She recounts screaming at the abortionist to stop and afterwards "lying in a foetal position on the bed unable to speak" and fearing her "brain had snapped". This experience plunged Denise into deep depression, unemployment, relationship break-up and more substance abuse.

At the age of 30, however, she underwent a dramatic conversion to Christianity, and today is happily married with a son.

Denise believes that most post-abortive women suffer in silence. They are unable to share their grief because of deep feelings of shame and guilt. Even close friends or spouses are not confided in.

Silent No More seeks to gradually put an end to this silent suffering. "We use billboards, a toll-free number and a website to encourage women to start sharing", says Denise. "We receive one to five calls per week and many more following a TV appearance." After a one-on-one encounter with Denise, post-abortive women feel immediate relief.

Recently, Denise visited a 20-year-old woman in a psychiatric ward, who had been admitted (for the first time) a fortnight after her first abortion. Curled up in a foetal position, with absent eyes, the young woman wouldn't speak. "So," said Denise, "I starting sharing my own story of regret, pain and grief."

This had an immediate impact, and the young woman started crying. She thanked Denise, saying, "I feel like a big weight has been lifted", and was discharged a few days later.

Denise Mountenay has travelled to Europe and Asia to share her personal story, which is also recounted in her best-selling book, Forgiven... A True Story.

Decriminalising abortion, as the experience in Canada and many Australian states has shown, does not offer women with unexpected pregnancies any safeguards, such as well-informed consent and professional, independent counselling.

"I cannot remember signing anything. I never received the truth about foetal development and never received real counselling", recalls Denise. "The extent of so-called counselling at the clinic was miserable. The nurse asked, 'Do you know why you're here?' I replied, 'Well, yeah.' She said, 'Good, well come with me.'" Denise was never told about the options of adoption or the numerous health risks now associated with abortion.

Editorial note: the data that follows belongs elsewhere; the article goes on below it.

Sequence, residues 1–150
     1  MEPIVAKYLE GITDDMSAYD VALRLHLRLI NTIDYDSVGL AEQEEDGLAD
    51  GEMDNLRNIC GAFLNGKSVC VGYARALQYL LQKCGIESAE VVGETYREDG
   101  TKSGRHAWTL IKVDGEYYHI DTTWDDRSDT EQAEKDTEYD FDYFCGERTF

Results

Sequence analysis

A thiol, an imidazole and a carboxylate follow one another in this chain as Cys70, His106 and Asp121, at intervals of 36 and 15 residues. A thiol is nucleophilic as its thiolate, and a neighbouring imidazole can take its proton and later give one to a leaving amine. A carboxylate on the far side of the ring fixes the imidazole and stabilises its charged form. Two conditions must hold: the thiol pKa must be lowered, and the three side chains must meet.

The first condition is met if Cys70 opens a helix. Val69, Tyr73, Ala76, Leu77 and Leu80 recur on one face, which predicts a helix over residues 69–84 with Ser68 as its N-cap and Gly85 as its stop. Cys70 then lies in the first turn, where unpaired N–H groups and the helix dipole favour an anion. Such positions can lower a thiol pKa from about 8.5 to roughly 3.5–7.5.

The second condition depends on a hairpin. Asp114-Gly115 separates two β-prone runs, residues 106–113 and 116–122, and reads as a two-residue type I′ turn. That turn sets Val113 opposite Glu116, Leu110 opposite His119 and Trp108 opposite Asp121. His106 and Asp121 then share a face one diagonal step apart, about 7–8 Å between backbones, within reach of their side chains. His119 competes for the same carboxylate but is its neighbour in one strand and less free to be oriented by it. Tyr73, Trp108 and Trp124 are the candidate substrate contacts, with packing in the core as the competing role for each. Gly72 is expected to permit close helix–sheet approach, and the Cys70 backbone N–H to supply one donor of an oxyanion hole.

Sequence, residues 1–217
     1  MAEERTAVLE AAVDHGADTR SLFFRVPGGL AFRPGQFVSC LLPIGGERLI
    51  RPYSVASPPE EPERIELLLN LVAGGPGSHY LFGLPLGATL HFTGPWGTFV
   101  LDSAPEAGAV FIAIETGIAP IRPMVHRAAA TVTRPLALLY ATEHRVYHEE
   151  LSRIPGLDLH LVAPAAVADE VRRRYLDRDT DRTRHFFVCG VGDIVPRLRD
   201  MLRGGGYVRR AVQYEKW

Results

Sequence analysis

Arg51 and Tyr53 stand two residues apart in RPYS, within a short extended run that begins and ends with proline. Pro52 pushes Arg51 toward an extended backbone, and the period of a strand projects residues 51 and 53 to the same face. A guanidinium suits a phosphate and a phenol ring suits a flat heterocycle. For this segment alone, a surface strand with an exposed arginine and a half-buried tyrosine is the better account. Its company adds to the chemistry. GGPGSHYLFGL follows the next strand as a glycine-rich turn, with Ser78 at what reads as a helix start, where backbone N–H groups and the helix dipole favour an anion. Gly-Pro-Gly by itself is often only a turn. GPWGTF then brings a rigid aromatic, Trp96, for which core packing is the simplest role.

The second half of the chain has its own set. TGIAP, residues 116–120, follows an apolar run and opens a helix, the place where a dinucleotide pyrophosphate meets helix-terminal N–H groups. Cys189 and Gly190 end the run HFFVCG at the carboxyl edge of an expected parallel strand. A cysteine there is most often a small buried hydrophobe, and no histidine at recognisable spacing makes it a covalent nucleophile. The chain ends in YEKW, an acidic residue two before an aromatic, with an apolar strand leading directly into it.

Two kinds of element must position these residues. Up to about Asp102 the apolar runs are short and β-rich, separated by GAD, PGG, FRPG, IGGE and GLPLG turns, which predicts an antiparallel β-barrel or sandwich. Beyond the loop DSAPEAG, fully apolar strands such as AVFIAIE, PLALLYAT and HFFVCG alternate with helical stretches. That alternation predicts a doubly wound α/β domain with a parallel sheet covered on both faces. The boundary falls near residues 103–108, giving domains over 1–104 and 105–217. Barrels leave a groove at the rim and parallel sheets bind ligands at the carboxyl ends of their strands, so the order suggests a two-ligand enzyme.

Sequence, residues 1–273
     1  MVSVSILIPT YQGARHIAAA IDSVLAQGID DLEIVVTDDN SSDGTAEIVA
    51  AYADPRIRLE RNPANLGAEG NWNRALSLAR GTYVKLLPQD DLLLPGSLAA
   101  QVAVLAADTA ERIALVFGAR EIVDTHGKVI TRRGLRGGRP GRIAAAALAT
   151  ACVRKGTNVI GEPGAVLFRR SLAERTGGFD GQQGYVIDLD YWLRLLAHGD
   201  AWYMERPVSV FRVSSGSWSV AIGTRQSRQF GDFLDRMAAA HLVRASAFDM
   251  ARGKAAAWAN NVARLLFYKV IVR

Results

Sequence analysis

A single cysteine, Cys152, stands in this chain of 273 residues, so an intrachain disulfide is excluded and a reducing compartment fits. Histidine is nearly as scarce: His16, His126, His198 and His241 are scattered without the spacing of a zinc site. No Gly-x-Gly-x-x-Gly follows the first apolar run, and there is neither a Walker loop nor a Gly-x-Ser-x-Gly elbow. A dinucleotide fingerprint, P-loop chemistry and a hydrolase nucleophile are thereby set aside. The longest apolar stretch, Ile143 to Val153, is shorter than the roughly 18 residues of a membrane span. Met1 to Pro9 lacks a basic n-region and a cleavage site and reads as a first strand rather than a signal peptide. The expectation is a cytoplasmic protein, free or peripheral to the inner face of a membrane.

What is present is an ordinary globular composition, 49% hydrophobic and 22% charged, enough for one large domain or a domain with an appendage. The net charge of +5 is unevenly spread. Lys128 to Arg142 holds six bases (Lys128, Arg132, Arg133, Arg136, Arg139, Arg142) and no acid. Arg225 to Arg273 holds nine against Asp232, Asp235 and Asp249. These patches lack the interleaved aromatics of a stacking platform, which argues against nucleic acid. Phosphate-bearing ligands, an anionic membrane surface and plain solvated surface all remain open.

Silent No More brings together the latest social and medical research along with the personal testimonies of post-abortive women. They highlight research findings that link abortion to increased risks of anxiety, eating disorders, substance abuse, relationship breakdown, sexual dysfunction, premature deliveries, infertility, future abortions, depression and even suicide. They also describe to women the reality about the development of the unborn child.

Denise remembers, "I changed my attitude to abortion after looking through a pregnancy book at my sister-in-law's house. I gradually realised I'd been lied to. There are arms, legs, toes, organs and a beating heart at 10 weeks!"

Denise today sees abortion not only as a violent form of family-planning, but in truth a form of child-sacrifice, "We sacrifice our children so we can live the life we prefer."

Silent No More plans to begin the process of filing lawsuits, envisaging the day when past abortion clients will revisit the clinics to report years of misery, damaged organs and infertility and, this time, will wave a lawsuit application.

— Luke McCormack